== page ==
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Your Environment. Your Health.

AquaMost, LLC

Superfund Research Program

Continued Development of Photoelectrocatalytic Oxidation for Treating Gasoline Contamination

Project Leader: Terence P. Barry
Grant Number: R44ES017576
Funding Period: Phase II: September 2011 – August 2013

Summary

AquaMost is developing a water treatment device based on a technology called photoelectrocatalytic oxidation (PECO). The focus for this project is using PECO systems to treat groundwater contaminated with organic pollutants released from leaking underground storage tanks. Two chemical classes are of particular concern:

  • aromatic hydrocarbons, particularly the BTEX chemicals benzene, ethyl benzene, toluene, and three isomers of xylene, and
  • fuel oxygenates, particularly methyl tert-butyl ether (MTBE).

These chemicals are a significant risk to human health. Both chemical classes have acute and long-term toxic effects, and may be carcinogenic. For these reasons, considerable federal, state, and private resources are being expended to remove these chemicals from contaminated groundwater sites throughout the country. Several unique chemical characteristics of MTBE (e.g., high water solubility, high polarity, resistance to biodegradation) make it very difficult to remove from water using existing remediation technologies.

The goals of the Phase II project are to:

  • conduct long-term (> 6 months) field trials with commercial-scale PECO systems at several contaminated sites that differ with respect to contaminant levels, groundwater chemistry, etc. to obtain data on the long-term efficacy and performance of these systems, and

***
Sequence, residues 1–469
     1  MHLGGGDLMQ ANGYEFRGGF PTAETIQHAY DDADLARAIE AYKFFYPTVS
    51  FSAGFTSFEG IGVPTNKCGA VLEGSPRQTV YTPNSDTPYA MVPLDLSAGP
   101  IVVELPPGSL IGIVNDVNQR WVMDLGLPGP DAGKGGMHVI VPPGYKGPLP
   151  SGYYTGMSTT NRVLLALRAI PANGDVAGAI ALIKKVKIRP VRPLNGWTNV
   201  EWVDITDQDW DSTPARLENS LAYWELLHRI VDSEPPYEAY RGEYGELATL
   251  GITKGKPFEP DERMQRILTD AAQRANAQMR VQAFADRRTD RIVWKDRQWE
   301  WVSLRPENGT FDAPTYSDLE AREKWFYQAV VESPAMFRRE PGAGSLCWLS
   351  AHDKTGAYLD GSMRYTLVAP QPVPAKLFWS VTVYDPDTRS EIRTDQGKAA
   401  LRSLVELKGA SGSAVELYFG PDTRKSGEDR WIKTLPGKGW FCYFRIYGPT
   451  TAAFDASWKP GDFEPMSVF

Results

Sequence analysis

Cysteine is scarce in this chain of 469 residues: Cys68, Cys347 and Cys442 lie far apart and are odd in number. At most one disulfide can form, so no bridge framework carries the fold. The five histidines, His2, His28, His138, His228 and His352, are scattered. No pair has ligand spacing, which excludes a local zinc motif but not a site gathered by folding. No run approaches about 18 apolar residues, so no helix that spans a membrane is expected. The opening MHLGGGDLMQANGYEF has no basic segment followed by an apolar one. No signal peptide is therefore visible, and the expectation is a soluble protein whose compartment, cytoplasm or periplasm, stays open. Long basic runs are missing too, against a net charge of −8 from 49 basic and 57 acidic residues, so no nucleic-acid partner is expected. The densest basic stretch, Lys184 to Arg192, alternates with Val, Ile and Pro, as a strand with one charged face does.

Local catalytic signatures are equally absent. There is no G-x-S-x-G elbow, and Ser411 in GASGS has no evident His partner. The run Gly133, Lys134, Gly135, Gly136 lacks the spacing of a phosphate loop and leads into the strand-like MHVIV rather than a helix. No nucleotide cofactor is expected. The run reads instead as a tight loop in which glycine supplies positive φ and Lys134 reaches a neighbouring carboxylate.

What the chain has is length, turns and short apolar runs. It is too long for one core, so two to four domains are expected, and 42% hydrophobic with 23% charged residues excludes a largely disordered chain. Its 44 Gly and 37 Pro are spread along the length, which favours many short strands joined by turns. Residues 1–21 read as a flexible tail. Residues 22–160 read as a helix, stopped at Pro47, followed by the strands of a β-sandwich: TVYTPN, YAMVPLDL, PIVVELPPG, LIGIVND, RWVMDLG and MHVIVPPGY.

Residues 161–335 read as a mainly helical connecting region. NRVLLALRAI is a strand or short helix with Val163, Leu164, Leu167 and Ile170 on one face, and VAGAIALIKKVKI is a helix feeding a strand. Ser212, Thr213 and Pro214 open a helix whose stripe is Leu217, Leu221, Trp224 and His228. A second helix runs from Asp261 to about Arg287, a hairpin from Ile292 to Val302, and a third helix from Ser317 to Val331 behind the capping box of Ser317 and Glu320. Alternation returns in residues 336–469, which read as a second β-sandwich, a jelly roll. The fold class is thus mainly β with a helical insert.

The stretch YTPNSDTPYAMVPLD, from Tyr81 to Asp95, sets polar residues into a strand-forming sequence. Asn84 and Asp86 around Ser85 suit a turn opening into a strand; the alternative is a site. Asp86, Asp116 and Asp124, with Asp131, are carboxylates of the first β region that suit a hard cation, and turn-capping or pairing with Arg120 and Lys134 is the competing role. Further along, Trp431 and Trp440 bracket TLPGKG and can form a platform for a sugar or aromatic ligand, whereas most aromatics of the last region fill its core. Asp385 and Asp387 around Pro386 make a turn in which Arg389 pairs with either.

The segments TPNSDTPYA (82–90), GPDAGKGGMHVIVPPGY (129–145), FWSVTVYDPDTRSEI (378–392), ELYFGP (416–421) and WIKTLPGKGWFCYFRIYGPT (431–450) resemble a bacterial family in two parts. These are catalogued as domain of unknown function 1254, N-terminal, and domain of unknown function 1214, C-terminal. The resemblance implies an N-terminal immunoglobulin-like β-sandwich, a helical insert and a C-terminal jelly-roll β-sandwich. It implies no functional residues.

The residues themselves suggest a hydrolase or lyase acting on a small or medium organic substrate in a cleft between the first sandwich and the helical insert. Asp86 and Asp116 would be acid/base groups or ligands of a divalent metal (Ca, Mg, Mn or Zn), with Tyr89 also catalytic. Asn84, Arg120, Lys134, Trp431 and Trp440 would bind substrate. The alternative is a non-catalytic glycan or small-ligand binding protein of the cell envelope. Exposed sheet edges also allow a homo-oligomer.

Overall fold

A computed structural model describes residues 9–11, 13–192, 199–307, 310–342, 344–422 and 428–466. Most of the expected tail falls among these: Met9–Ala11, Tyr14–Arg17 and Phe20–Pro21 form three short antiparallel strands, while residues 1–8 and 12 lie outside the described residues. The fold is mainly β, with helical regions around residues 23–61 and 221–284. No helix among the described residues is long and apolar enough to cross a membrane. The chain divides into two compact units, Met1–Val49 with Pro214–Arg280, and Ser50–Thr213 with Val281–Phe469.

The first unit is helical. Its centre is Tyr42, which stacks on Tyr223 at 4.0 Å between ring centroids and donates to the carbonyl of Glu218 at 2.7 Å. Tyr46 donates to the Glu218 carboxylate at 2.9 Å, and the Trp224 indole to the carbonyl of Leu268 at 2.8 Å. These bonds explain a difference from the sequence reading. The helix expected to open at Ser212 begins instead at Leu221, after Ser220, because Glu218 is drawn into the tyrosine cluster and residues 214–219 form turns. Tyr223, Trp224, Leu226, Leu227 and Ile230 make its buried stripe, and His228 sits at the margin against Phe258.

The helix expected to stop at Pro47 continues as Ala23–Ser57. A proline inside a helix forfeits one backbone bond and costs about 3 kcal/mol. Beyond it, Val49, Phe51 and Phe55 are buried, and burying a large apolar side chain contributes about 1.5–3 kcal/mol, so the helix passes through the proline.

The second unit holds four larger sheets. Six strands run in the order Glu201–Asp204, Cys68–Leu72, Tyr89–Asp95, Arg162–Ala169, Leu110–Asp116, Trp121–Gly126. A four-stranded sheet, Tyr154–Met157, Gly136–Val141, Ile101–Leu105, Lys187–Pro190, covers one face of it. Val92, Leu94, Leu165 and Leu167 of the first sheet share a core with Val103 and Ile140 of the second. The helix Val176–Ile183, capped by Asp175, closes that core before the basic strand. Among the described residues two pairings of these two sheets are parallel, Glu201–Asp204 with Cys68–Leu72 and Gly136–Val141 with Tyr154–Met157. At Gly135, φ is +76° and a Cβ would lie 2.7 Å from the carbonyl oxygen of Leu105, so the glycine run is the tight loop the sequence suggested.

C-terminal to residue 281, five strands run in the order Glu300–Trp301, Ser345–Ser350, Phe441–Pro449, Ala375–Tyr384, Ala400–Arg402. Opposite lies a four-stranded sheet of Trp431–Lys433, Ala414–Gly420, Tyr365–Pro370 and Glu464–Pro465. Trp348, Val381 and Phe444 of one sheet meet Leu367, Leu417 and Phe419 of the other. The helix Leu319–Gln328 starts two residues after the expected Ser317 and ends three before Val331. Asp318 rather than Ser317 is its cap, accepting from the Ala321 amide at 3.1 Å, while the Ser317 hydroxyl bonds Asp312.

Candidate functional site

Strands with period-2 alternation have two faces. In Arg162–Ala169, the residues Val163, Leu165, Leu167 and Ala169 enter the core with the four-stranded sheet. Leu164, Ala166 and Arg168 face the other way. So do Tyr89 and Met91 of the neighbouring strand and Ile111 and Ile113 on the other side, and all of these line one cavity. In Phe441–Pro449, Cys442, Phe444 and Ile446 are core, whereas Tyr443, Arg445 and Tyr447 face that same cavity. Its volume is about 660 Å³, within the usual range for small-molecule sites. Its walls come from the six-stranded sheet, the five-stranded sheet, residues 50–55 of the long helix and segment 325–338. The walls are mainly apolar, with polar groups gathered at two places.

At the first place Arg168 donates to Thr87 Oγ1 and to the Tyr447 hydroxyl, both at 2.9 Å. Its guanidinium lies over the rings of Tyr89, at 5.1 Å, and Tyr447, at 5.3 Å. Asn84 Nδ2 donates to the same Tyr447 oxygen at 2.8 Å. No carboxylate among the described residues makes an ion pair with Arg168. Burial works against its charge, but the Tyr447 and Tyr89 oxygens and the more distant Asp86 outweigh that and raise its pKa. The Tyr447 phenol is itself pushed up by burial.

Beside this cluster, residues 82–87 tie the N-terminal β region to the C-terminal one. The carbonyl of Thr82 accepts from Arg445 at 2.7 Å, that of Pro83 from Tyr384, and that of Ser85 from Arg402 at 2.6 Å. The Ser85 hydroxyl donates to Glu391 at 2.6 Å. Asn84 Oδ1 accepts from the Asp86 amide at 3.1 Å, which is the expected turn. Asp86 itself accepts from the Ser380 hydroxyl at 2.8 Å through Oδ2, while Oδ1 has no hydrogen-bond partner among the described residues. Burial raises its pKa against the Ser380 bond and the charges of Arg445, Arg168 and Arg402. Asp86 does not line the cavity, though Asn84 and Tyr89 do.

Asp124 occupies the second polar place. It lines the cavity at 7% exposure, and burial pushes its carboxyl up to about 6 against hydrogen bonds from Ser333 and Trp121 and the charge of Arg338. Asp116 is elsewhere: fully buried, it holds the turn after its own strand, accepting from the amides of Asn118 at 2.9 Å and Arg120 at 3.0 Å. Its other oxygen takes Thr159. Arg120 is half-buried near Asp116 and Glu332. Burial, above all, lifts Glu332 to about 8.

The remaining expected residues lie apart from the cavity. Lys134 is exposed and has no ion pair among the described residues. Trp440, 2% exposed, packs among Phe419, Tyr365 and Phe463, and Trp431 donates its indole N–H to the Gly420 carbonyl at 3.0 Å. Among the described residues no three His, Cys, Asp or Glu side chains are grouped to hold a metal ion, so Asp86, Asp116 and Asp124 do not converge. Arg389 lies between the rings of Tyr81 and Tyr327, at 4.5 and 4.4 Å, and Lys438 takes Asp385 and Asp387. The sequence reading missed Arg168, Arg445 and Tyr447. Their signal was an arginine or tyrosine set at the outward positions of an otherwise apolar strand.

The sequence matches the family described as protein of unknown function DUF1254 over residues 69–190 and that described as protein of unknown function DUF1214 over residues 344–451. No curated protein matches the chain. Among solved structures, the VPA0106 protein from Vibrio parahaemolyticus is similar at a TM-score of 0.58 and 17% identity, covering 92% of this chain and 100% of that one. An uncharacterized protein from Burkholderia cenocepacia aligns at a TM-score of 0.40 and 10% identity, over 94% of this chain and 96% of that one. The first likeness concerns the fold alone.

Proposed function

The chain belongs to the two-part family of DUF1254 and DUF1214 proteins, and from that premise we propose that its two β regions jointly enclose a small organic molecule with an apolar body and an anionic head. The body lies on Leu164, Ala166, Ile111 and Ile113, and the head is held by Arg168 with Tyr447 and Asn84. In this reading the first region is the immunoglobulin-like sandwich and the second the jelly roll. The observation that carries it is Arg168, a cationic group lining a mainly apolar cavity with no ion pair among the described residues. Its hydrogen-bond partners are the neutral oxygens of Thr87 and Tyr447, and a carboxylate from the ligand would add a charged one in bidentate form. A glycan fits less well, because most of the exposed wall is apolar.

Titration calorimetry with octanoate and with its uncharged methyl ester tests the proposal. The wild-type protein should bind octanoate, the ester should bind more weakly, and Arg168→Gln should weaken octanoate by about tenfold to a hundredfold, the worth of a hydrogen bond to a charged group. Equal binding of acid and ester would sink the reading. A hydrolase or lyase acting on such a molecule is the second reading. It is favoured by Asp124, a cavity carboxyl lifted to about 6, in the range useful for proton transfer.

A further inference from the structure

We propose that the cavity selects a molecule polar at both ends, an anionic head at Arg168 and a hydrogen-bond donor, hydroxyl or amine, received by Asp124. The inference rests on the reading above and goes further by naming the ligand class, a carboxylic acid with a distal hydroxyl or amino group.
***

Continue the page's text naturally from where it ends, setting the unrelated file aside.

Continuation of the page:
• enhance the size and/or performance of the systems so that they can treat contaminated groundwater in a single pass at a flow rate of 5 to 10 gal/min (the current embodiment works at ~1 gal/min).

Field tests will be performed at two primary sites and several secondary sites in conjunction with two environmental remediation companies that will serve as subcontractors on this project. These tests will help to answer several questions about the effectiveness of these PECO systems, including:

  • how will the technology perform under different field conditions?
  • What is the longevity and durability of the PECO unit electrodes under practical conditions?
  • How well does the technology enhance and complement current groundwater remediation technologies (e.g., activated carbon, air stripping, etc.)?
  • What are the operational and maintenance costs of using PECO to remediate contaminated groundwater?

The PECO systems will be continually reengineered throughout these trials until an effective, robust, and economical commercial product is available for the market.